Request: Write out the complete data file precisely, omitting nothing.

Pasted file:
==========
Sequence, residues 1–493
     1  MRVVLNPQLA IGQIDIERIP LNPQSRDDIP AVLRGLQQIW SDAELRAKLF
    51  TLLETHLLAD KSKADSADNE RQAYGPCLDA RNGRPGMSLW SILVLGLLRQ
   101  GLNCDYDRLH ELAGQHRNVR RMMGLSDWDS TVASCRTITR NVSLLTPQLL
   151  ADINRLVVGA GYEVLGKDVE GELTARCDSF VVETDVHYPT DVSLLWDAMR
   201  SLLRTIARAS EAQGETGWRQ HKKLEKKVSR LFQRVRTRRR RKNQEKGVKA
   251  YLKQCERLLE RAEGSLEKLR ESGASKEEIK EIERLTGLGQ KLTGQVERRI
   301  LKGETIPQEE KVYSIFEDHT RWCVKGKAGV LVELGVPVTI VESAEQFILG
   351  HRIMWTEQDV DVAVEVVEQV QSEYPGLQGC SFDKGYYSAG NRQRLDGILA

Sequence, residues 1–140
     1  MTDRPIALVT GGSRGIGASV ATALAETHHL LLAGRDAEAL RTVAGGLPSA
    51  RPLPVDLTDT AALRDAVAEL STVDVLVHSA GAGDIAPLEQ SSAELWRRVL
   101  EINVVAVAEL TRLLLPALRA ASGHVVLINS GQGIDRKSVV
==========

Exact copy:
Sequence, residues 1–493
     1  MRVVLNPQLA IGQIDIERIP LNPQSRDDIP AVLRGLQQIW SDAELRAKLF
    51  TLLETHLLAD KSKADSADNE RQAYGPCLDA RNGRPGMSLW SILVLGLLRQ
   101  GLNCDYDRLH ELAGQHRNVR RMMGLSDWDS TVASCRTITR NVSLLTPQLL
   151  ADINRLVVGA GYEVLGKDVE GELTARCDSF VVETDVHYPT DVSLLWDAMR
   201  SLLRTIARAS EAQGETGWRQ HKKLEKKVSR LFQRVRTRRR RKNQEKGVKA
   251  YLKQCERLLE RAEGSLEKLR ESGASKEEIK EIERLTGLGQ KLTGQVERRI
   301  LKGETIPQEE KVYSIFEDHT RWCVKGKAGV LVELGVPVTI VESAEQFILG
   351  HRIMWTEQDV DVAVEVVEQV QSEYPGLQGC SFDKGYYSAG NRQRLDGILA

Sequence, residues 1–140
     1  MTDRPIALVT GGSRGIGASV ATALAETHHL LLAGRDAEAL RTVAGGLPSA
    51  RPLPVDLTDT AALRDAVAEL STVDVLVHSA GAGDIAPLEQ SSAELWRRVL
   101  EINVVAVAEL TRLLLPALRA ASGHVVLINS GQGIDRKSVV